Kepler Focal Plane Array with each tile partly covered by something looking like a bar chart.

If real, what is it?

EDIT: I do not mean the seam between the two CCDs of each tile but the slighly curved stripes partly "covering" (if real) one CCD of each 2-CCD tile. The pattern occurs on the CCD that is closer to the camera and (EDIT 2) the stripes are oriented ~parallel to the seam between the two CCDs. Clearly not a reflection of roof structure as proposed by blobbymcblobby, Uwe, and uhoh.

enter image description here

  • $\begingroup$ I would have guessed it as object on roof that is reflecting. But clearly there are both vertical and horizontal "bar charts". Neither it can be refraction/reflective property it else each tile must exhibit it. But there is some symmetry on which side has the "bar chart". $\endgroup$
    – zephyr0110
    Jan 23, 2022 at 13:43
  • 4
    $\begingroup$ I'm pretty sure it is a reflection, though a distorted and broken-up one. Notice it appears on the "near" corner of every tile, and the bars both become clearer and have a sharper cut-off on the tiles tilted away, like it's some total internal reflection effect. The dark stripes might be where the structure of the sensors and whatever cover layers interferes with the reflection of the wall behind the array, or they might be multiple reflections smeared out into lines, etc. $\endgroup$ Jan 23, 2022 at 14:58
  • $\begingroup$ @ChristopherJamesHuff, "total internal reflection" is compelling. Please write it as an answer. Thanks to blobbymcblobby for the information about the covering lenses. You and Uwe are wrong about the reflection of roof structure. There ARE such reflections, some of which are spanning both CCDs of a module, e.g. module 13, but obviously unrelated to the "bar charts". $\endgroup$
    – Rainald62
    Jan 24, 2022 at 18:08

2 Answers 2


I think the bars are reflections from the clean room ceiling with many lamps and air condition outlets.

enter image description here enter image description here enter image description here

The reflections look different on each image.

The sensor array is not a flat plane to correct the curvature of the image surface.

We would need an image of the clean room ceiling for comparison, but the photographer concentrated on the sensor array.

  • $\begingroup$ I think part of the issue was that only one of each pair shows the reflections. In my answer I tried to show all the angles I could of the FPA showing the variations in reflections - from the lens - as the CCD is antireflective. I also suggested it was partially to do with alignment each pair (opposing) and the filter applied to the lens. There is another photo from the same session I found but the camera was obviously on a tripod and reflection issue was the same. I think the lens properties is mostly the issue but not the sole. $\endgroup$ Jan 24, 2022 at 18:44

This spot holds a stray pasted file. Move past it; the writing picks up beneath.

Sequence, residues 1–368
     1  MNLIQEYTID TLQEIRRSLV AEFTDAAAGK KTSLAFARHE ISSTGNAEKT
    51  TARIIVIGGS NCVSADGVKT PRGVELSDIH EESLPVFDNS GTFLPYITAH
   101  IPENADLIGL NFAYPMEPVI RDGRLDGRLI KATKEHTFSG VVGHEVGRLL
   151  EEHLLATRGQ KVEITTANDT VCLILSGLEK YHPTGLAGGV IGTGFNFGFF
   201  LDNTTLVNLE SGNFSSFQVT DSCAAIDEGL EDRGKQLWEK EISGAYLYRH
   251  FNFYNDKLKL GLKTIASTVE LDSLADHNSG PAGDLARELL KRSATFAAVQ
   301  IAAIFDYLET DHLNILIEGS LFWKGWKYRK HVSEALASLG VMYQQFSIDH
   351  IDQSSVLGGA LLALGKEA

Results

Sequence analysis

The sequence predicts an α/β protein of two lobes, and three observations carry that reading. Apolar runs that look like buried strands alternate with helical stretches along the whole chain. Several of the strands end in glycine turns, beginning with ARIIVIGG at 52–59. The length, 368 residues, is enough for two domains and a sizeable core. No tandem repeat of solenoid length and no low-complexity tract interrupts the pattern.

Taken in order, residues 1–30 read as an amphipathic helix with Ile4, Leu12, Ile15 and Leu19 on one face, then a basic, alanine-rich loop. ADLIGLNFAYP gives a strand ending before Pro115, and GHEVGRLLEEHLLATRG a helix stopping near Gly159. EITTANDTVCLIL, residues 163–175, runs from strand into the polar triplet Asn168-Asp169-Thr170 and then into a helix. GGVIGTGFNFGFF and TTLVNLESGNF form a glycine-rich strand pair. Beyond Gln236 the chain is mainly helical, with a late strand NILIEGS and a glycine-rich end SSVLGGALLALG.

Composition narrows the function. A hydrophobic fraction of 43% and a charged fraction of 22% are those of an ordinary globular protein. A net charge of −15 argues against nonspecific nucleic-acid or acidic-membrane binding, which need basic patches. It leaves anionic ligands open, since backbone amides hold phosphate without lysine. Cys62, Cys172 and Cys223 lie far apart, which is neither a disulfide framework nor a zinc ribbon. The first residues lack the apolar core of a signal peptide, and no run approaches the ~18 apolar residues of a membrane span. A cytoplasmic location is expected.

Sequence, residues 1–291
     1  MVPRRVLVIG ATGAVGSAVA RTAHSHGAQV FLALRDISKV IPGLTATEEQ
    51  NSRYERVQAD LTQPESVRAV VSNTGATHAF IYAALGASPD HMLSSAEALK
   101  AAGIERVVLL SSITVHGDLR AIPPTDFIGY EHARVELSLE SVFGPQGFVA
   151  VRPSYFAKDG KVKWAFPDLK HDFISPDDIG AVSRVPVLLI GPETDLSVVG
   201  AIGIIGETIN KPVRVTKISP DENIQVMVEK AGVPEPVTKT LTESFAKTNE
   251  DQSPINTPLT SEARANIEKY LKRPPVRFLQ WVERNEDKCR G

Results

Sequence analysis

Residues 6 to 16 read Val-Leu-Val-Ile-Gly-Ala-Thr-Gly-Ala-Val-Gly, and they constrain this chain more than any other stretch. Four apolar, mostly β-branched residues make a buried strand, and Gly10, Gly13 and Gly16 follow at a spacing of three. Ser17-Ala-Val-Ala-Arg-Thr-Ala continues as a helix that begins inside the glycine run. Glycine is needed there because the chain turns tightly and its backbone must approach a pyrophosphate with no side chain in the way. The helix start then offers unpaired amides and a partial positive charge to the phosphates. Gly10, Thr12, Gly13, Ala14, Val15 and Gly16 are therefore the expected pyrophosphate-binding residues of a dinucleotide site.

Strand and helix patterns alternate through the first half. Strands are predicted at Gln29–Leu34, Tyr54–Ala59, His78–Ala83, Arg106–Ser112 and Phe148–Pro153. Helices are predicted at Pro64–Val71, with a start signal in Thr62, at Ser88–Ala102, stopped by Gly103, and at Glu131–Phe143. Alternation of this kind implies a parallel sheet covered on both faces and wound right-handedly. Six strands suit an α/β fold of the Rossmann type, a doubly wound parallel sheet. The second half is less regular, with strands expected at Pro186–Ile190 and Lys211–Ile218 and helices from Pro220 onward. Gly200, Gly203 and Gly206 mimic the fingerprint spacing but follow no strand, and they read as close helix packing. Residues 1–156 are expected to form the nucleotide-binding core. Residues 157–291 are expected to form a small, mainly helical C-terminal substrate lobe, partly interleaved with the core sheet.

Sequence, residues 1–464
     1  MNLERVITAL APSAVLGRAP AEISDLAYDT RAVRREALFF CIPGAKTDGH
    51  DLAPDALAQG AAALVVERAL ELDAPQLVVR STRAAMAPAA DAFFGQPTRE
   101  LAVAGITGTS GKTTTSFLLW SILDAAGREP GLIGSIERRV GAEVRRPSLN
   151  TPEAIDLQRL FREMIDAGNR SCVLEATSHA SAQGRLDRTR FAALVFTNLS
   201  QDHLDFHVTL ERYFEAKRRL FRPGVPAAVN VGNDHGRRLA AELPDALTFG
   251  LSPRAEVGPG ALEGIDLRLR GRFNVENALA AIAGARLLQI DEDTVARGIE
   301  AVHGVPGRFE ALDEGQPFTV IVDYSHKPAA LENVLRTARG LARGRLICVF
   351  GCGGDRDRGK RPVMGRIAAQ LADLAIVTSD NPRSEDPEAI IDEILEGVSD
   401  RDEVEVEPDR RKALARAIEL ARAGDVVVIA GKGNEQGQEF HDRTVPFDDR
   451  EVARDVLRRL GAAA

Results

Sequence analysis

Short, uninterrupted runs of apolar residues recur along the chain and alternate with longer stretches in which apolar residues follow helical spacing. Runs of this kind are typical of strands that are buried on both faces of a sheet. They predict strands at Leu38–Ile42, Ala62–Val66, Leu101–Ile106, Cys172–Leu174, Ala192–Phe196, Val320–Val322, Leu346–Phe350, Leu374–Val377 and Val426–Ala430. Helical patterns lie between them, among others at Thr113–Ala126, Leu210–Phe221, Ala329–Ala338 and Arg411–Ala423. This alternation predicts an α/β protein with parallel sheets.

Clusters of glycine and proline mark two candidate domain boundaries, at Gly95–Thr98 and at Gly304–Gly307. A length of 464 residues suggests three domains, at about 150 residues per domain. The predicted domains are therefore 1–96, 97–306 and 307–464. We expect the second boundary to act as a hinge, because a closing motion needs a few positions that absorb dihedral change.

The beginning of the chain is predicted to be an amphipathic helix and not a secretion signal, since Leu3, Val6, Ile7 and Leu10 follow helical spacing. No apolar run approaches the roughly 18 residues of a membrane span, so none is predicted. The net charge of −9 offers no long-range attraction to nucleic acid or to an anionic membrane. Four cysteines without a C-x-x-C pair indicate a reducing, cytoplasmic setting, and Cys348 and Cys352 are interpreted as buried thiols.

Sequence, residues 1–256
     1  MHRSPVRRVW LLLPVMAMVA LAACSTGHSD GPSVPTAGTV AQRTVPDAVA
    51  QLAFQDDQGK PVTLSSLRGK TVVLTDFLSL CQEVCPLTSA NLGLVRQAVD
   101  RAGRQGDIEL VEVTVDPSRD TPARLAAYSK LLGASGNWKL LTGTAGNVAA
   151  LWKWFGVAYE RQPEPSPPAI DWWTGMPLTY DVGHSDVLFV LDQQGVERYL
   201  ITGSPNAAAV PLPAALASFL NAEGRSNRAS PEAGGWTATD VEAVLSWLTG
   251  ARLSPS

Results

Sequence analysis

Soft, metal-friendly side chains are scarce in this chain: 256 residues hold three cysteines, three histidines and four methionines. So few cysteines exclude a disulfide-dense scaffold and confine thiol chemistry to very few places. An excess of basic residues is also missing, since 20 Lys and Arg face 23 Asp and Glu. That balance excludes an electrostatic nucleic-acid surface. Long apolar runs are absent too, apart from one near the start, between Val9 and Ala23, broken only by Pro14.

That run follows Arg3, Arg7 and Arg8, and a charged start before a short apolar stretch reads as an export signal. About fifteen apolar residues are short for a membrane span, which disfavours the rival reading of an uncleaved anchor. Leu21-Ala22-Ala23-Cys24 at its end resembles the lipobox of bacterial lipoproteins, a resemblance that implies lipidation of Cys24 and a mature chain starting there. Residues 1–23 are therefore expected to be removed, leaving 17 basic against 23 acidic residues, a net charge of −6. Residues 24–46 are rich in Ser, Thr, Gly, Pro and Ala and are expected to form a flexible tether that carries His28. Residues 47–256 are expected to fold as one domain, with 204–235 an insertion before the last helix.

• $\begingroup$ The sensors of each pair seem to be mounted not in line but slightly tilted. If this is true, only one of each pair may show the reflections. $\endgroup$
    – Uwe
    Jan 24, 2022 at 19:08
  • $\begingroup$ Hard to tell if that's the case, I had it that each module (so each pair) is tilted to create the bowed FPA. The only take I could get is that they did not look for precision at mounting the actual CCD's or modules - a bolt and go - approach as the hard work would be done by the mirror, so that there was bound to be some variation in angles due to installation. $\endgroup$ Jan 24, 2022 at 19:13
  • $\begingroup$ The pairs of figure 11 show very similar but not identical reflections. $\endgroup$
    – Uwe
    Jan 24, 2022 at 19:13
  • $\begingroup$ Yes this is definitely the answer. There is progressive displacement of reflections of the same pattern from one to the next which matches the progressive change in direction of surface normal. It's always a challenge when photographing mirrors, curved or otherwise :-) $\endgroup$
    – uhoh
    Jan 25, 2022 at 23:48

Partial answer:

So consider the image below:

The CCD chips have AR on them which, going by the graph, work up to a point, that being the angle of incidence at which the AR no longer works.

The green lines in the image roughly show the cut off point.

I found that the photograph was taken at the Ball Aerospace facility and all 3 (or 4) photographs seem to match that facility with both staff and ceiling details.

The smaller colored lines indicate multiple refractions or reflections of the ceiling grid.

The orange lines indicate the angle of the secondary reflections inside the facility.

The red lines show the angles where the chips do not have AR and do not have the sapphire lens on top, so no curvature and no ceiling reflection at their angle, but do reflect the facility as the secondary reflection in the CCDs.

The curvature of both the grid reflected at least twice and of the secondary reflection in each block is due to the curvature of the sapphire lens that covers each CCD pair, as shown in the diagram.

Reason for only one side of each pair showing the features is that each pair is placed so that its sides are opposing each other.

Hope that's on the right track.

enter image description here

  • $\begingroup$ Still off track. AR becomes colored at increasing angle, w/o cut-off. You ignore the stripes changing orientation with the tiles, see my EDIT 2. $\endgroup$
    – Rainald62
    Feb 24, 2022 at 20:51

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